Lifting the Lid on Preventing and Reducing Pressure Damage in Residential Homes with the Medway Box
Jo Constant, Clinical Lead for Tissue Viability & Amanda Scudder, Senior Tissue Viability Nurse
In 2015/16 local data and audits highlighted a high percentage of PUs within local residential homes (RHs) and as with every organisation in England, Medway Community Health (CH) have strived to reduce pressure ulcer (PU) incidents across the community.
It is recognised that patients within these settings require higher health management as they present with chronic long-term diseases and multiple co-morbidities including end of life care.
Carers within these establishments are often unprepared for this type of high need management and have minimal knowledge and understanding in how to care for and prevent avoidable injuries such as pressure damage. This is compounded by a high turnover of staff thus increasing the demand on the Community Nursing Service as residential care is provided by social as opposed to healthcare staff.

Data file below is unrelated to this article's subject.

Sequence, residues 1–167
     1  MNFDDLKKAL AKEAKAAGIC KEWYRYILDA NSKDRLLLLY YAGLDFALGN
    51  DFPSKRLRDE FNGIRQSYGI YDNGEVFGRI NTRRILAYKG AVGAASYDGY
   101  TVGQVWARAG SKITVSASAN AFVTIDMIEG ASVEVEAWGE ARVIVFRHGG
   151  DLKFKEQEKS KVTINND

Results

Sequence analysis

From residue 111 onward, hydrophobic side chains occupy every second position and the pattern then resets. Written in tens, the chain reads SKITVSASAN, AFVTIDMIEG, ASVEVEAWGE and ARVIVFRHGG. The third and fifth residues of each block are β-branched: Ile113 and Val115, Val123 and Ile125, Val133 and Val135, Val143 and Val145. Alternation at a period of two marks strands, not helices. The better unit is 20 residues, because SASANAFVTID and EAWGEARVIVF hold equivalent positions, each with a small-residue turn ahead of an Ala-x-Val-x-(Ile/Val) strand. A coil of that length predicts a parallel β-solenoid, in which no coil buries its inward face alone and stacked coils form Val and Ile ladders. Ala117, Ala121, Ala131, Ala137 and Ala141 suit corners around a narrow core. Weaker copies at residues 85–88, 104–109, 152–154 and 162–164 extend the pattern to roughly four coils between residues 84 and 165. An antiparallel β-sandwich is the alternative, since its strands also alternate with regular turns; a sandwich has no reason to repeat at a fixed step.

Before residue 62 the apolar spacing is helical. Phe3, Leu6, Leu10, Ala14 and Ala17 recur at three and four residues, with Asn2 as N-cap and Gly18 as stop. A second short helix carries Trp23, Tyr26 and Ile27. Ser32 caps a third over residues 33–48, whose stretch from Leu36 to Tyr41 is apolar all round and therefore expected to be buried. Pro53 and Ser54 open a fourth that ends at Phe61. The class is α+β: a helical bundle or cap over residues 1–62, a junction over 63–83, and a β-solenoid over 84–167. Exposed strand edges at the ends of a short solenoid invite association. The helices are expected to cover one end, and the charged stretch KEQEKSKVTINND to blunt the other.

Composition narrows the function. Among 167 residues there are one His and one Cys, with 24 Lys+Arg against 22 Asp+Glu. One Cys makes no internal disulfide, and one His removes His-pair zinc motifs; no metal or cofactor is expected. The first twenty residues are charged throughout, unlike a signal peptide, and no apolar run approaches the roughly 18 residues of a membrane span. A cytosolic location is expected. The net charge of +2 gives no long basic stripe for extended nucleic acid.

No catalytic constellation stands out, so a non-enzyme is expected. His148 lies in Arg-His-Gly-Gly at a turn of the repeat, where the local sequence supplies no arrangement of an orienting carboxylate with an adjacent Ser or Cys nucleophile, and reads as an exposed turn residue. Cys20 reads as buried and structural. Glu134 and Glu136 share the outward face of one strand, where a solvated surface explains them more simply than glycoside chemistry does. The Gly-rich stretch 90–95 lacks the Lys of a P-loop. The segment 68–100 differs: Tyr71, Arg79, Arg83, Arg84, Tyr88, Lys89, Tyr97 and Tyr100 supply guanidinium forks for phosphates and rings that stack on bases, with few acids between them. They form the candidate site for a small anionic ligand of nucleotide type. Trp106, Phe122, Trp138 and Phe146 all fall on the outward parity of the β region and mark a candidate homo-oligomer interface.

Medway Community Tissue Viability Team wanted a way to reduce acquired PUs, whilst shaping the future for a substantive prevention of PUs in the RH setting and to create future best practice that maintained PU reduction.
The initiative was to empower the current workforce within RHs to take ownership of the project as this would be key to its continued success. They would be tasked to reduce the occurrence of significant pressure damage by early recognition and intervention of tissue damage (red mark) which would have a positive effect on patient care and outcomes as well as financial costs.